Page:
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My name is Mark Keller and I am in my eighth semester at The Pennsylvania State University and I am majoring in Civil Engineering. I will graduating Spring 2014


Weekly blogs will be written based on prompts provided by the professor. These blogs are typically related RepRap in one way or another but not always directly.

Blog Number One

Useful: Ear Bud Holders

Part A

An item that is useful

In today's society headphones are almost a necessity. Whether it is for iPods, iPhones, MP3 players, or for use with your personal computer, they have become an everyday item. The problem with headphones, is that they are difficult to carry when not in use. They get tangled and can even become knotted. These ear bud holders eliminate the mess associated with shoving ear buds into your pocket or book bag. The STL file can be downloaded here.

Beautiful: Bi-Plane

An item that is artistic/beautiful

Beauty is in the eye of the beholder, and I have always had a fascination with airplanes. The bi-plane really is a thing of beauty. Two wings, a sleek design, and the way it is able to maneuver through the air all contribute to its beauty. The STL file can be downloaded here.
Pointless Battery Holder

An item that is pointless/useless

This battery holder can hold both AA and AAA batteries, but why? It is simply used to store batteries, no other purpose. Batteries already come in packages, and some are even resealable. This acts as a permanent storage container for the batteries. This item is both pointless and useless. The STL file can be downloaded here.
Funny: Shark With A Fricken Laser

An item that is funny/weird

The "shark with a fricken laser" is from the Austin Powers movies. As a kid, and even still today I watch those movies and laugh. The scenes with Dr. Evil talking about sharks with lasers is always a classic and makes me laugh every time. It is funny to see that somebody took the time to draw one that can be rapid prototyped. The STL file can be downloaded here.
Strange: Lower Jaw Bone

An item that is scary/strange

Although I can see some purpose for printing such an object, I feel that a lower jaw bone is a rather strange object to print. Typically if it were being used for medical purposes it would either be molded or an actual bone would be used, but to print one using a 3D printer for "personal use" just seems strange to me. The STL file can be downloaded here.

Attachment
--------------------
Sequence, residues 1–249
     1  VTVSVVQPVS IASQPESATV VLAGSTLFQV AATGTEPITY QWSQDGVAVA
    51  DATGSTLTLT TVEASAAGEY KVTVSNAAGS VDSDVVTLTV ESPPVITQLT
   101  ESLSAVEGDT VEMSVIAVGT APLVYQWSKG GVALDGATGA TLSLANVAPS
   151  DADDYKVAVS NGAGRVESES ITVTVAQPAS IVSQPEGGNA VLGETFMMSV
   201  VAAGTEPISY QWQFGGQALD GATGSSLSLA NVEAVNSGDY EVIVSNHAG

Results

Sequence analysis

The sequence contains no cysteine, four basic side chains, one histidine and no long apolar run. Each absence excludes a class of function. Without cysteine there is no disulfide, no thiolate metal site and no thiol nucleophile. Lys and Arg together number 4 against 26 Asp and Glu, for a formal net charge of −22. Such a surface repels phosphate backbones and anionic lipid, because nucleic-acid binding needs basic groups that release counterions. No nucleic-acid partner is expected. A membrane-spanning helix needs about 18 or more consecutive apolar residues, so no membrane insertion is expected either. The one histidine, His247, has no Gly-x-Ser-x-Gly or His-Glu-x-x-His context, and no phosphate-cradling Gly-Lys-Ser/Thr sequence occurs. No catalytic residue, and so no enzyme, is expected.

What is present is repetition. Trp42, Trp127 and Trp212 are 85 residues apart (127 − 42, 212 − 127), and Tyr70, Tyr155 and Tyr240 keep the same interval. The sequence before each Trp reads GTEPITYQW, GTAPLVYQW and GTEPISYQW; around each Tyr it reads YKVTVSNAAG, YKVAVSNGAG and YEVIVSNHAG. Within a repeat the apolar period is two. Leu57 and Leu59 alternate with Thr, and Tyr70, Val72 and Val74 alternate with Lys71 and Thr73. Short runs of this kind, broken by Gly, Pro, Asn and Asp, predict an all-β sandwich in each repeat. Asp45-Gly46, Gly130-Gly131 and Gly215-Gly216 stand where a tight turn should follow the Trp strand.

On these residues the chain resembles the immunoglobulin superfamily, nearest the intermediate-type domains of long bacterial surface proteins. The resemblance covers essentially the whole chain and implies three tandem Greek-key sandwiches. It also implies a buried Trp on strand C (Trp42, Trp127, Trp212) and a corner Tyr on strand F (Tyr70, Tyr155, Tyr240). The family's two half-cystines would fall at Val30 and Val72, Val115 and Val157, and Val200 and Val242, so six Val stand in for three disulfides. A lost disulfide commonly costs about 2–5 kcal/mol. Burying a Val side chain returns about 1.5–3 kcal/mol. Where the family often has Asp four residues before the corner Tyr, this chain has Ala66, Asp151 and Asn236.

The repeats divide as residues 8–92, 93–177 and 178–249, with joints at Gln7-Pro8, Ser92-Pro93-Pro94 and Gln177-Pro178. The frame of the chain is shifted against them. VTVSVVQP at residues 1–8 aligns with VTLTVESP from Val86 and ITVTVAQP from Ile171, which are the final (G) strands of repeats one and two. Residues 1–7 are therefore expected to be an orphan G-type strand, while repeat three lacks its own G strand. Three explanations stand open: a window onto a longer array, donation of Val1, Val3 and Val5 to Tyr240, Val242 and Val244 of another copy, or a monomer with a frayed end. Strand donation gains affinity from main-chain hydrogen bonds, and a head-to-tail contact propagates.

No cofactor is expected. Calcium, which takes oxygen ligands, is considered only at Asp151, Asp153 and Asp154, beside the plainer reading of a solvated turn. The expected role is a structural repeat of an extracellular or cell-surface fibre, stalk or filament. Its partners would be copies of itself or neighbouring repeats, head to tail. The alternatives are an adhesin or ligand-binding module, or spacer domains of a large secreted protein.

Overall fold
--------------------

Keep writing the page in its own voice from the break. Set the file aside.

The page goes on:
Part B

I do feel that I am a tinkerer. I love to take things apart and see how they work and then try to put them back together. I do feel that the amount of tinkering I do is decreasing as I get older. I do not have the same amount of free time to tinker as I did when I was younger, and my job does not require any tinkering. But when given the chance I thoroughly enjoy tinkering. My dad and my uncle's are all tinker. They grew up on a farm and had to fix things when they broke. Not only did they fix things, but they improved the equitment that they had, all through tinkering.

I agree with the argument. I particularly like the statement, "It’s that the notion that we can fix any problem or achieve any goal that we set for ourselves has deteriorated into a sanitized, corporatized version of what constitutes achievement." This directly relates to the fact that Americans have taken the replace it rather than fix it attitude. It is easier to just go out and replace something rather than fix what they have. This is the influence that corporate America has instilled upon us. The more we buy the more profit they make.

Things evolve through tinkering. No mater what field we are talking about, it is tinkering that pushes the progress. New things are created and old ideas are improved. So preserving the habitat, or allowing tinkering to continue to prosper will help us to "catch up" to where we should be.

The primary design principles that are the use of multidisciplinary brainstorming, finding out what do humans really want, and going beyond what you think you can do. It was pretty neat to see that someone who is as smart as Kelly and has created as many things as he has, is working on building a 3D printer, the same project that we are undertaking. I think that all of the principles can be applied to our work. We all think differently and using the minds of multiple individuals to complete a task helps it move that much quicker. Going beyond what you think you can do applies here as well. We may not all be programmers or good at physically building things, but we are all capable of doing it. This project will have us working on issues that we know nothing about, but we will, with struggle and time, be able to complete the tasks.